Story, character, plot: You'd think that upper-tier dramas would always pay attention to these things, but once the positive reviews start rolling in, some shows start slacking on the basics. But like "The Shield" before it -- another rare show that kept getting better in its later seasons instead of sliding into lazy ruts -- "Breaking Bad" has intelligently upped the ante for Walt and Jesse every year. Again, think of Gus Fring: Thanks to a host of brilliant narrative and visual strategies, the act of the man putting on protective clothing in the Superlab became one of the most riveting things we saw all last year.

A digression, if you'll indulge me (and feel free to move to the next point if you'd rather not): I often think an important aspect of storytelling consists of getting each audience member to subconsciously (or consciously) ask himself or herself a series of questions. If viewers are confused and asking themselves structural or procedural questions ("Why is this happening? Why doesn't this person/development/new information flow smoothly into what I already know? Why are the characters doing things that seem out of character or dumb?"), they're constantly being taken out of the narrative and can't fully absorb what the storytellers are trying to do. I find that when I'm asking character-based questions ("What will Walt do about this? Will Jesse think of a solution to this problem? Will Mike ally himself with that guy?"), I'm generally enjoying myself a lot more, because I'm within the narrative, luxuriating in its possibilities and freaking out when I understand where all the players stand but I don't know what's coming next.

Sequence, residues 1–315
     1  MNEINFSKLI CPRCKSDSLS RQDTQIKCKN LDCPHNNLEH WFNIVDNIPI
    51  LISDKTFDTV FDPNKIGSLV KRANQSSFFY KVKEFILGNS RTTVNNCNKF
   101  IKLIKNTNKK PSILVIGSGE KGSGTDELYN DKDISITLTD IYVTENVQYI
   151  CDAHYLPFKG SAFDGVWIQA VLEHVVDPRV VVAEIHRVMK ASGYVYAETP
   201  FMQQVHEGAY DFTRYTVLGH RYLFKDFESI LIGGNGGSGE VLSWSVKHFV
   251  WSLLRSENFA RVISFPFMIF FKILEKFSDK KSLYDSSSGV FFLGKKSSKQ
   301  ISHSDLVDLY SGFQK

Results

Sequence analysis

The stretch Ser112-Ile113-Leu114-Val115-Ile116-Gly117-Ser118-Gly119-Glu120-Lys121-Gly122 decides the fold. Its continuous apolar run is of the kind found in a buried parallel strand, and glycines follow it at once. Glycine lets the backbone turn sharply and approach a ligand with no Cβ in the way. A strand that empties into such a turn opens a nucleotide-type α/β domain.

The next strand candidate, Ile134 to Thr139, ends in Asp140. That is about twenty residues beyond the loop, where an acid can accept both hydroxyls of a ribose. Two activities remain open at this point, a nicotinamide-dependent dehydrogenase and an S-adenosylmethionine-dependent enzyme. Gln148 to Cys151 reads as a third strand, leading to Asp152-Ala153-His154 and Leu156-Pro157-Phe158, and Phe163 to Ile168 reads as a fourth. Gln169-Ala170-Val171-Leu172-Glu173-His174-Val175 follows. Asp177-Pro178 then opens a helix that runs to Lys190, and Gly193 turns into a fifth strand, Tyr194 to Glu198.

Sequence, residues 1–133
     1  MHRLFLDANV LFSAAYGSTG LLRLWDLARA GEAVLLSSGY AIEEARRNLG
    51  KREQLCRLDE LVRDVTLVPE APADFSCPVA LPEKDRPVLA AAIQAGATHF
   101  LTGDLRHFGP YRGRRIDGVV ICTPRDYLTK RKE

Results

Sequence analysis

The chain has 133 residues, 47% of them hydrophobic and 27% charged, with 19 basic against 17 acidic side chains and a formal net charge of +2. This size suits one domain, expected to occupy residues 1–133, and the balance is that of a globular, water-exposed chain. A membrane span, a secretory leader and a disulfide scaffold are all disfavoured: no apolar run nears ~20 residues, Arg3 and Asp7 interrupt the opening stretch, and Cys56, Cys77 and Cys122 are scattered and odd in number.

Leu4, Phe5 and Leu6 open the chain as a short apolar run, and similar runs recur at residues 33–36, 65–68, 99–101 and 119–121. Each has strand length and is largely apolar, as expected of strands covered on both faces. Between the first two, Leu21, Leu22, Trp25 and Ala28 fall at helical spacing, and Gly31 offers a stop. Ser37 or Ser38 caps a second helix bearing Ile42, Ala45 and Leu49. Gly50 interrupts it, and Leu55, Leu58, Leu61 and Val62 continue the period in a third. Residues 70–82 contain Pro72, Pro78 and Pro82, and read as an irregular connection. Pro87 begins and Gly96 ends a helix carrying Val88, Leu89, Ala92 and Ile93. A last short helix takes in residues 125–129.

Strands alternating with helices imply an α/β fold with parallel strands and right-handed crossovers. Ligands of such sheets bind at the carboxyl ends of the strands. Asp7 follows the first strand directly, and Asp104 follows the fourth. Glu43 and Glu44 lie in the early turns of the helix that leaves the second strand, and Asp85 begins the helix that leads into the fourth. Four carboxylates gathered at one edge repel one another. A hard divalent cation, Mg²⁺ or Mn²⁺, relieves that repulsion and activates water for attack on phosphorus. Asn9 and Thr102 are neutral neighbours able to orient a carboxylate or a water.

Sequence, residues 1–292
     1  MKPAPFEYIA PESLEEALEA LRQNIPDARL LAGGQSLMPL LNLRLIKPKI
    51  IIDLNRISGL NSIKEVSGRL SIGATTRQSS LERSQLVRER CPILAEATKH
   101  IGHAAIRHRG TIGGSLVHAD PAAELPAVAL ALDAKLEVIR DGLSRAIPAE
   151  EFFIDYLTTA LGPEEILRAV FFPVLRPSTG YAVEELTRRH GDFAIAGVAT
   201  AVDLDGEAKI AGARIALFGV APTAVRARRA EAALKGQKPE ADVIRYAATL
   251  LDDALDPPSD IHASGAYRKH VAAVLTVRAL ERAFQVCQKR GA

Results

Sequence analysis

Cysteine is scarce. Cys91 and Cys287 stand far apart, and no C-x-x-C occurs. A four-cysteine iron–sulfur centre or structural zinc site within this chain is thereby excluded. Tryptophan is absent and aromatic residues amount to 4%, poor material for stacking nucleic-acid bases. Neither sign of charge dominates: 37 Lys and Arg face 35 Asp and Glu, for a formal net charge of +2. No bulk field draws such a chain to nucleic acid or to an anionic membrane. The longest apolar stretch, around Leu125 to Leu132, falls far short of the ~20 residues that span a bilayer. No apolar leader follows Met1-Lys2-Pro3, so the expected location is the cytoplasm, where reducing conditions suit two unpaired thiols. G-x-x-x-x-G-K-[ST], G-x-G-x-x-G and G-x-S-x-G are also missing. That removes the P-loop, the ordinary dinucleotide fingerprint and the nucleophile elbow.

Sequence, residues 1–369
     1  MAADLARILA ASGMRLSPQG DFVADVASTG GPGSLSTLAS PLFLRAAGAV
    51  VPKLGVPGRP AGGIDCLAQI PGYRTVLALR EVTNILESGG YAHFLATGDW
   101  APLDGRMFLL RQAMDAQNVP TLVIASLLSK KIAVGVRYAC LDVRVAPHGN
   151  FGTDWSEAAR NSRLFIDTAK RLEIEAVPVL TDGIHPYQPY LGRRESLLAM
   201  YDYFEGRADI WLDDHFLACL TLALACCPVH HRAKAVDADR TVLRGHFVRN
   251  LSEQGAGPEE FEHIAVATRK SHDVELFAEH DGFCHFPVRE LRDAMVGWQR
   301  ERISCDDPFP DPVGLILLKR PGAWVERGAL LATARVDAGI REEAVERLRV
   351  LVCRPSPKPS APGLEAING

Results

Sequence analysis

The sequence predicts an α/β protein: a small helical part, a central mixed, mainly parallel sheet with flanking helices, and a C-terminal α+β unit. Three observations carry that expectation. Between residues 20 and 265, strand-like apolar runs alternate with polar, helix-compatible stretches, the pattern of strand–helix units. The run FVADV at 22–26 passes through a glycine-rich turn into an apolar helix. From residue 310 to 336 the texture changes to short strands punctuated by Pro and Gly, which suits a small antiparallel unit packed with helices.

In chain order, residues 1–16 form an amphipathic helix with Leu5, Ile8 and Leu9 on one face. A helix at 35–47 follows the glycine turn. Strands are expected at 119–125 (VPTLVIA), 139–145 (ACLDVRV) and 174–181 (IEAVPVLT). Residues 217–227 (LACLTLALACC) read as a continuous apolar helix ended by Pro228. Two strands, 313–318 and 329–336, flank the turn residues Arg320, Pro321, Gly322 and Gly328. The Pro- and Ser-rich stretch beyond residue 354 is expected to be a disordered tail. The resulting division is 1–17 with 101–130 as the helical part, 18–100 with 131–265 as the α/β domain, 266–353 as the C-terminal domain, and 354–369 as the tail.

As Ryan McGee and I discussed in this week's Talking TV podcast (which is below), "Breaking Bad" submerges the viewer in the narrative without drawing attention to the mechanics of the storytelling -- which, when they swing in to high gear, are as as exciting as anything on the big or small screen.

3. The adaptability.
All these things I talked about above? They weren't fully in place when "Breaking Bad" began. It took me a long time to warm up to the show, partly because Walt's journey was so dark and I thought I knew exactly where it was headed, partly because what Walt did (or failed to do) to Jane during Season 2 turned me off, and partly because some aspects of the show frankly grated on me.